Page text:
From a full member country of the CTO listed on the organisations’ website.

The CTO champions diversity in the workplace and applicants from people from all backgrounds living in Full Member Countries of the CTO are welcome to apply.

Proposed Fellowship Dates: 17 January 2022 – 15 April 2022

Proposed activity:

  1. Inclusion of Girls in ICT – Closing the gender digital divide

Month 1

  • Perform a review of home country policies.
  • Identify specific training needs.
  • Identify Stakeholders from home Country.

Month 2

  • Issue project status report
  • Participate in identified Training courses.
  • Data collection and analysis from home and selected Commonwealth Countries.
  • Formulate a strategy for inclusion of girls in ICT based on the data.

Month 3

  • Consult with home Country stakeholders on the formulated strategy.
  • Develop an implementation framework for successful execution of the Strategy.
  • Plan and present project to stakeholders
  • Issue final report


  1. Gender Digital Divide and E-Commerce

Month 1

  • Review of home country E-commerce ecosystem.
  • Formulate and administer questionnaire on girls in E-commerce.
  • Collect and analyse data and document findings.

Month 2

  • Issue project status report
  • Engage stakeholders
  • Design appropriate learning courses for girl empowerment in home Country.

Month 3

  • Devise a marketing strategy to promote the course.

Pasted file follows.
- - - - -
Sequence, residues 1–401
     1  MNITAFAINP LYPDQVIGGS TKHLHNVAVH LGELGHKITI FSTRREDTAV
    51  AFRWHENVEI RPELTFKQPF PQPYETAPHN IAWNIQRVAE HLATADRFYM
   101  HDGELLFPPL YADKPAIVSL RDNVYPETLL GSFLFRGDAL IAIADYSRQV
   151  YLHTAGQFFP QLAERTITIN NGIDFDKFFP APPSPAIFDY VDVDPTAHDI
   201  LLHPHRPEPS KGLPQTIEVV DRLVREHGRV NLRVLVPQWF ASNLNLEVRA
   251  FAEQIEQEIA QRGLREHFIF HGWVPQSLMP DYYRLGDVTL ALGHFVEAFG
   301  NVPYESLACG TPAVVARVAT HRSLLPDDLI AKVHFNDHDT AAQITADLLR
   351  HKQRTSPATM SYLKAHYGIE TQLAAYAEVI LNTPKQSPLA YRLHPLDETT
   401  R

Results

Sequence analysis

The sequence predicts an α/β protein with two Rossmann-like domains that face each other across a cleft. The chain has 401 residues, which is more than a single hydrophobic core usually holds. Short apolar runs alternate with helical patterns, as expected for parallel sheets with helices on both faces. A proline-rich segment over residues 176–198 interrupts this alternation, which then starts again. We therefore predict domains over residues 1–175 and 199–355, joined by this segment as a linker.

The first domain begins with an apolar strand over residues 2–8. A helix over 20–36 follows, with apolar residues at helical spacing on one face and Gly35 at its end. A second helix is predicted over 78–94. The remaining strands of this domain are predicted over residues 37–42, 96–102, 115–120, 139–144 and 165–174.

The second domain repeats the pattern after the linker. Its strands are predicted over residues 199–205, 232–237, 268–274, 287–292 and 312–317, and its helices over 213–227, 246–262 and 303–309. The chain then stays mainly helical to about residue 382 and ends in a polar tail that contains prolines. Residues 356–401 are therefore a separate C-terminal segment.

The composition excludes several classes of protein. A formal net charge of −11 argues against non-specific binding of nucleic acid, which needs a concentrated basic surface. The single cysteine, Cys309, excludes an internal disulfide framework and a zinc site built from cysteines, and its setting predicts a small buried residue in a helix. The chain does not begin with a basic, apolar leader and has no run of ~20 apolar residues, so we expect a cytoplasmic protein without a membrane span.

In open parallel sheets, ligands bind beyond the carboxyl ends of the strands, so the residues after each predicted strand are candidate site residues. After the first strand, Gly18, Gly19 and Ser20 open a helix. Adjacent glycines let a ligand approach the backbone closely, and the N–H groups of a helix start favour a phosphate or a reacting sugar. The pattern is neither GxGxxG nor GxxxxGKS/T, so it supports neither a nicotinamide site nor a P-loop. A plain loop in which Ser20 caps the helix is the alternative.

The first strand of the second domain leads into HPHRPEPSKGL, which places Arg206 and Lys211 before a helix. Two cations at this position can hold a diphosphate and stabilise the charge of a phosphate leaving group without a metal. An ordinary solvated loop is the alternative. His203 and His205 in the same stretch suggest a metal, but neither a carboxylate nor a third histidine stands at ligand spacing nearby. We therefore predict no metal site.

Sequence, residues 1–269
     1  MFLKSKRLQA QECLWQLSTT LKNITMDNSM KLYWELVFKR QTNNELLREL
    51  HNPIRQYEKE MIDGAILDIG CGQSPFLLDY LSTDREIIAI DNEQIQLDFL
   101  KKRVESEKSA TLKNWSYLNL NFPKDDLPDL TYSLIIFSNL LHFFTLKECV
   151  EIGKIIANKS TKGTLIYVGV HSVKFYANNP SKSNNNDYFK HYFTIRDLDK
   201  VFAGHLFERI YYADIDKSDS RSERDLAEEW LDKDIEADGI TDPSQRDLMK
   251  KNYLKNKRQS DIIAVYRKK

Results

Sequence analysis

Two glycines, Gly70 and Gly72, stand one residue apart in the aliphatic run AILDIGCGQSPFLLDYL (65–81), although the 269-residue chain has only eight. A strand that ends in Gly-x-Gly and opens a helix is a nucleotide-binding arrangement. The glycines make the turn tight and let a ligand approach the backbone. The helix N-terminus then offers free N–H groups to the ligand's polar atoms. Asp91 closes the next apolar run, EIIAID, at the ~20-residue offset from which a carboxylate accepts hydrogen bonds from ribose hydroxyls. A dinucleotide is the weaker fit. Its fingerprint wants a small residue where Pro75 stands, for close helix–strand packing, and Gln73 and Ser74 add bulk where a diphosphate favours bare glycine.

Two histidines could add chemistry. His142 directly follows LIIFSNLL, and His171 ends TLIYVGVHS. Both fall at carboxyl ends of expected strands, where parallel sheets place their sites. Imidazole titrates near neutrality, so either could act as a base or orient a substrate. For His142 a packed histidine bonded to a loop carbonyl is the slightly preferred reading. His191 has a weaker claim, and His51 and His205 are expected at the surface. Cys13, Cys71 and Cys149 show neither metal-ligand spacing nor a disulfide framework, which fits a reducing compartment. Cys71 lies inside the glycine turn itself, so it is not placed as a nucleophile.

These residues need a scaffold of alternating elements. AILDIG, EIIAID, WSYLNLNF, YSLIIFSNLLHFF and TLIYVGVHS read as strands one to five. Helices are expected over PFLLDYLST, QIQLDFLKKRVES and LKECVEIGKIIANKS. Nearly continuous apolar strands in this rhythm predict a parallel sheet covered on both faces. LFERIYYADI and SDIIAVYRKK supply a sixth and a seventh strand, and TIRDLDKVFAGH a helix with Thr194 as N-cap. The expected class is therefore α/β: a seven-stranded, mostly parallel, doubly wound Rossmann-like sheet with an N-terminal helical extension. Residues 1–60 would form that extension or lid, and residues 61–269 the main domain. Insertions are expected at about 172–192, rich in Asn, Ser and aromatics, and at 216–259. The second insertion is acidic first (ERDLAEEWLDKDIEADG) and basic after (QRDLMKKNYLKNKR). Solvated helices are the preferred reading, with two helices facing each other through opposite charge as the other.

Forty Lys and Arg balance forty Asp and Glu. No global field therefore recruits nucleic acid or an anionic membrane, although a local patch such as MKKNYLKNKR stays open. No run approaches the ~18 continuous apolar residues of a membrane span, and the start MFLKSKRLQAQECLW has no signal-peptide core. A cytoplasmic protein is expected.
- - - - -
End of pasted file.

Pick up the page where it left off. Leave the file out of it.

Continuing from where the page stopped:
• Identify sponsors for the course in home country.
  • Project presentation
  • Issue final report


  1. Develop an Online Portal for life skills for girls

Month 1

  • Research gender-based abuse in home country.
  • Identify stakeholders involved in combatting abuse.
  • Identify specific training need.
  • Create the site layout, content, design and functionalities.

Month 2

  • Issue project status report
  • Test and debug
  • Attend training course
  • Execute web optimization.

Month 3

  • Devise a marketing strategy to promote the portal in home Country.
  • Launch the portal.
  • Make a presentation to solicit sponsorship
  • Present projects to stakeholders
  • Issue final report


  1. Promoting Girls Education through the Universal Service Fund

Month 1

  • Review the current USF scheme in the home country.
  • Identify specific training needs.
  • Review the home country education programmes in underserved areas.
  • Identify gaps in access to Education in underserved areas especially by the marginalised groups.

Month 2

  • Issue project status report
  • Identify model USF policies, projects and best practices in other Commonwealth Countries with successful programmes on extending access to education using ICTs.
  • Attend training course
  • Stakeholder engagement in home Country.

Month 3

  • Propose appropriate policy framework for using USF to extend broadband for education to unserved and marginalised communities
  • Present projects to stakeholders
  • Issue final report


  1. Show and Tell What Girls Can Do

Month 1

  • Identify specific training needs for executing the assignment
  • Perform an environmental review of barriers to girls in ICT and research school clubs in home country.
  • Develop criteria for participating schools hosting Girls’ ICT Clubs

Month 2

  • Issue project status report
  • Develop a curriculum for training
  • Develop a Request for Proposal document for engaging an appropriate trainer
  • Participate in training courses
  • Devise an innovative marketing strategy for promoting the clubs.
  • Prepare templates for invitation letters, a sponsorship prospectus and a personal safety charter for the girls’ club.

Month 3

  • Conceptualise national activities to highlight and celebrate the work of the Girls’ Club
  • Formulate a detailed programme for demonstrating what girls can do to a national


  • Present project to stakeholders
  • Issue a final project report and provide output documents

Knowledge For Change

Mission Statement of the Organisation: